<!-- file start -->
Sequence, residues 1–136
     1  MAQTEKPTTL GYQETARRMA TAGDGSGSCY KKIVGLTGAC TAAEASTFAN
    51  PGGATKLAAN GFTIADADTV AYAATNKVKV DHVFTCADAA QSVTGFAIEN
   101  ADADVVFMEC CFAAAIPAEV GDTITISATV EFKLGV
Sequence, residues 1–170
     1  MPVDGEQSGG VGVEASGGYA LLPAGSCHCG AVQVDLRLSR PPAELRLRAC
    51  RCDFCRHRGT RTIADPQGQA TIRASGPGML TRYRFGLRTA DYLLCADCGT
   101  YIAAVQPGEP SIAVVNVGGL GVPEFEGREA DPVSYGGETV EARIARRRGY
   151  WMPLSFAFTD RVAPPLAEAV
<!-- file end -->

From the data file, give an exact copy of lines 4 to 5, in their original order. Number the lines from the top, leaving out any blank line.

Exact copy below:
   101  ADADVVFMEC CFAAAIPAEV GDTITISATV EFKLGV
Sequence, residues 1–170